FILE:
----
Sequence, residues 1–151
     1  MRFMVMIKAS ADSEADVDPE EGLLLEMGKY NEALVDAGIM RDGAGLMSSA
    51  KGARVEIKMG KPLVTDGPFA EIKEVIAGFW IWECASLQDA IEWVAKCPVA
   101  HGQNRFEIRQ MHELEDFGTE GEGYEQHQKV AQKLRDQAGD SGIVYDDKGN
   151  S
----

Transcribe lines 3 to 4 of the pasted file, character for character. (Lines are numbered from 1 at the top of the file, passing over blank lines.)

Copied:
    51  KGARVEIKMG KPLVTDGPFA EIKEVIAGFW IWECASLQDA IEWVAKCPVA
   101  HGQNRFEIRQ MHELEDFGTE GEGYEQHQKV AQKLRDQAGD SGIVYDDKGN